DiLouie: Recently, the American Medical Association published guidance to communities installing LED lighting. Notably, that outdoor lighting should feature a warm CCT. What is your view of the guidance? What impact is this having on demand for outdoor lighting? What impact is it having on product development?

Teschendorf: Our director of optical design published a position on this to our informational and educational website, The Lighting reSOURCE (http://thelightingresource.eaton.com/features/2016/ama-report-on-led-community-lighting). In short, we believe that our customers need to evaluate a wide range of factors including light distribution, energy efficiency, recommended light levels and more in selecting the appropriate product. For customers who choose to prioritize the AMA’s guidance, Eaton have products available to meet that. In fact, most of our LEDs products already do meet their recommendations around being controllable, preventing light trespass and minimizing glare. Because of this, it has actually had little impact on product development aside from creating the possibility of a shift to more 3000K LEDs in our supply chain.

DiLouie: What protocols are used for wireless communication for outdoor lighting? What the pros and cons of each?

Teschendorf: The protocols in outdoor wireless communication seem to be growing seemingly by the day as private interests, industry groups and standards organizations all jockey for position to become an established market leader. We most commonly see ZigBee-based installations in the current market with the pros of growing market scale and improved functionality. Cons are the bandwidth and range limitations. Bluetooth, WiFi, Cellular, LPWAN/LoRa and others are worth monitoring as use cases will vary significantly enough to leverage different benefits in all of them. It is unlikely that one protocol emerges over the next five years for all use cases in the outdoor lighting industry.

DiLouie: There’s a lot for electrical distributors to navigate when it comes to outdoor lighting. When recommending a solution, what should distributors be looking for?
First, look to partner with a reputable lighting company. Look for a company that can offer full integrated solutions. There hasn’t been standardization in the controls arena to date and subsequently not all controls are compatible with all luminaires. Many distributors recognize this area of the business and have hired and trained an on-staff lighting professional to assist in the area.

Teschendorf: Second, understand the needs of the customer. Some customers may need a simple occupancy sensor that raises the light levels when someone is present and then reduces it again after a period of time. Others may want to have the flexibility to have either individual luminaire control or zonal control with the ability to push various lighting profiles out to the luminaires on the site. They may want to meter and/or monitor that site at any given time. Knowing how the customer plans to use the site will determine the amount of control they will require.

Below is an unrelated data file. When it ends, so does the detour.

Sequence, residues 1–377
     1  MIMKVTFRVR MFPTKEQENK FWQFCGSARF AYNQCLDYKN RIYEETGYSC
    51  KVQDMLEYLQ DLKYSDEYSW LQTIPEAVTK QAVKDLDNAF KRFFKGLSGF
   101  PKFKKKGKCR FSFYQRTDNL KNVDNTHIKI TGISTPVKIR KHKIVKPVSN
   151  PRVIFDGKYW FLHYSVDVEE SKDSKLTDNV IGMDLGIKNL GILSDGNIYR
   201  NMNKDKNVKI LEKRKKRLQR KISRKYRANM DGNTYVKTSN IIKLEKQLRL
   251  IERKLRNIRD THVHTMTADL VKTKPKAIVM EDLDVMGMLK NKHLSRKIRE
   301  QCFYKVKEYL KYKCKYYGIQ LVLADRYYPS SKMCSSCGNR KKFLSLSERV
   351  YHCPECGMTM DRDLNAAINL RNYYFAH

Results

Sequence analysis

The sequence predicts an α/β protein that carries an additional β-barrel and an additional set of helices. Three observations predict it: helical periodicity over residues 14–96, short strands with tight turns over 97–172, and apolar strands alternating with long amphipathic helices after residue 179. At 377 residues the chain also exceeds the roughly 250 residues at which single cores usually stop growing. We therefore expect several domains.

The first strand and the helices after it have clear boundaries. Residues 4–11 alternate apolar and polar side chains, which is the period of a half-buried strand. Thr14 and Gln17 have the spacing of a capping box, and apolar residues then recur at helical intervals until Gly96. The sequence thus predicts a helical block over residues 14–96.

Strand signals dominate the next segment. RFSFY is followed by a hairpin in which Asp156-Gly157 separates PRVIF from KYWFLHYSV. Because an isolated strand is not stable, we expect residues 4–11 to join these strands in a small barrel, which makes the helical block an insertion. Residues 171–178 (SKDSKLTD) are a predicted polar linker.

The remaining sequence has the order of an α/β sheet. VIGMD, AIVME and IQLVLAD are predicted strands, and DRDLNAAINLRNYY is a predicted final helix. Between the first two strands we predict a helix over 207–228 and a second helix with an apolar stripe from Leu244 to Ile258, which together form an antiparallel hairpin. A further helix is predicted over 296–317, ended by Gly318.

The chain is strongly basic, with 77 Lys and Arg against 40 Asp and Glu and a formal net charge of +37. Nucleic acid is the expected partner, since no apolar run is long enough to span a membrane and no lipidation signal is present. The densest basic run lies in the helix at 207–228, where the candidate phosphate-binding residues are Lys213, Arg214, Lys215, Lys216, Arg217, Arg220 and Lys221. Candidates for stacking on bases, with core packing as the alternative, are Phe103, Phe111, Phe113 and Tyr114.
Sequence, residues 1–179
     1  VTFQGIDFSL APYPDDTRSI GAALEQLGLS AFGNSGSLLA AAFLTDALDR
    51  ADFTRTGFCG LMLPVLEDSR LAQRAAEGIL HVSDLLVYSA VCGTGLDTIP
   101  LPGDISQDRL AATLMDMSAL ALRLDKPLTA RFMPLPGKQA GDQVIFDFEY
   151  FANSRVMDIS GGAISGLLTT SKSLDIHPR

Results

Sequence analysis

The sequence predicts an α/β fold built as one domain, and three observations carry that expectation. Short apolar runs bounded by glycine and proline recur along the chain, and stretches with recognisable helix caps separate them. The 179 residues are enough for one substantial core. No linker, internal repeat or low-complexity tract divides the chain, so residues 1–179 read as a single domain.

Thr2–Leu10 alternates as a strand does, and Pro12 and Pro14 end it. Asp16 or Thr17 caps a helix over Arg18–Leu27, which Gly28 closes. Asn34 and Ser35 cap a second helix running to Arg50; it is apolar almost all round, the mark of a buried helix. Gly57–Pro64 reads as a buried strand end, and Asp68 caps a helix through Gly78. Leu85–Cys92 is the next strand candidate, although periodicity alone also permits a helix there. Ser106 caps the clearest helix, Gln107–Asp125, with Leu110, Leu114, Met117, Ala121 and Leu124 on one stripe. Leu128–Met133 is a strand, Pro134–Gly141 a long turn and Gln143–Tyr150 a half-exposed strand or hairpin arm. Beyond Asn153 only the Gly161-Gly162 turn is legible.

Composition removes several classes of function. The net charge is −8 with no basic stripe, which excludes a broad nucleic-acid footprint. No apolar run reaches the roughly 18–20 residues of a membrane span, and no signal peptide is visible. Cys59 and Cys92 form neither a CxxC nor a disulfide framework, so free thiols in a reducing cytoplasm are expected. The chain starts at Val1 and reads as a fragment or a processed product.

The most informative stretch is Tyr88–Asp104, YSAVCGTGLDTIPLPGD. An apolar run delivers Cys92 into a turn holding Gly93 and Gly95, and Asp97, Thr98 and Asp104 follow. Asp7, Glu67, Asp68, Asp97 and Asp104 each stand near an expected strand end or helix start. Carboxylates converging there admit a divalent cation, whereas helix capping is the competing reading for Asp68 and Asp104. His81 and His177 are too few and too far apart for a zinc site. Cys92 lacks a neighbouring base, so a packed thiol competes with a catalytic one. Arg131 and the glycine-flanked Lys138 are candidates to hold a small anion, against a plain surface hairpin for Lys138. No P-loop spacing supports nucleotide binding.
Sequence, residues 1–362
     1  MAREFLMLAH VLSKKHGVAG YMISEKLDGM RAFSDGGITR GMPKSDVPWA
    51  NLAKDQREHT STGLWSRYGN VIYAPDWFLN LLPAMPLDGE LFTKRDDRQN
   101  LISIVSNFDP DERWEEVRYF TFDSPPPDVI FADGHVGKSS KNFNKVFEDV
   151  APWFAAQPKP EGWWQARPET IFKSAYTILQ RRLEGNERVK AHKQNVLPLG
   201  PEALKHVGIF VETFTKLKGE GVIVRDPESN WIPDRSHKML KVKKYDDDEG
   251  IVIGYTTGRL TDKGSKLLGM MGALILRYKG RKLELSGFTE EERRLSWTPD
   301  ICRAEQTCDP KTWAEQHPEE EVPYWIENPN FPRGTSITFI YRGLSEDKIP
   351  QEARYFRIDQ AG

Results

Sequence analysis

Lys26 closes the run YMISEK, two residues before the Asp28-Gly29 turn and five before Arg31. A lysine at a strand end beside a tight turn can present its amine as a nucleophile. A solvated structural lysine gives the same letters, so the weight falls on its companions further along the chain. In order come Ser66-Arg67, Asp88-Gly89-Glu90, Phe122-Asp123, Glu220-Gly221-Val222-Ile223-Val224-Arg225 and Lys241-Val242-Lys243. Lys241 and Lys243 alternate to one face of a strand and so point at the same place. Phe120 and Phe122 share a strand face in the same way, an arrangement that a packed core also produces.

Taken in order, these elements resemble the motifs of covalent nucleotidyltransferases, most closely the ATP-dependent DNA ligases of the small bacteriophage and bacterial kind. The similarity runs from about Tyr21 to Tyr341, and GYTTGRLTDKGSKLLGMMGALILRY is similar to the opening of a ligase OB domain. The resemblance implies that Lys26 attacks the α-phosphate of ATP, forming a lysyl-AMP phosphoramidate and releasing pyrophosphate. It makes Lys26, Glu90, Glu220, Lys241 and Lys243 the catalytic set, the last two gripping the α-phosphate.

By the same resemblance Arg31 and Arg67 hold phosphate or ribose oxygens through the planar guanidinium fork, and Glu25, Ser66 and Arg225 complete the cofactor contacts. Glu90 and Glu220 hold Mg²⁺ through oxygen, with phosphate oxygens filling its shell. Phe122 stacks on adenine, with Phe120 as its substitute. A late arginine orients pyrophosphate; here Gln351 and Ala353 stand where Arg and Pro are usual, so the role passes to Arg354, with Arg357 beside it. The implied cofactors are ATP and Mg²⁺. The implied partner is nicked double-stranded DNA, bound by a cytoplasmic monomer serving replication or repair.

DiLouie: What can distributors do to ensure they are most competitive in the outdoor lighting market?

Teschendorf: Know how to compare various luminaires from various manufacturers. Don’t just look at comparable lumen packages but look at where those lumens are going and how they illuminate the project site. Some manufacturers are very good at doing “more with less” by the way they control the lumens exiting the luminaire. Many times by looking at the complete project, customers can reduce the overall amount of luminaires on a site by using a better luminaire. Some luminaires may be less expensive per unit but find they need more luminaires on the project to achieve the desired light levels.

Stay educated on the codes in their region – Title 24, ASHRE, etc. Know which products can be used to achieve the desired light levels, performance requirements and know the controls that are available. Manufacturers offer courses and resources to keep the distributors up to speed on products and trends. Reach out to your local lighting agent and request a training session.

DiLouie: If you could tell all electrical distributors just one thing about today’s market for LED outdoor lighting, what would it be?

Teschendorf: Don’t wait! LEDs have been lighting the outdoors for 10 years now and have been a proven light source in thousands of projects across the globe. Because LEDs have the ability to dim, be controlled and perform at high levels, they are a natural fit in order to adapt to the new codes that are here. We are really only scratching the surface at the possibilities of what controlled lighting can bring to the outdoor space. Controls will allow many more value propositions to be addressed than just the physical light itself.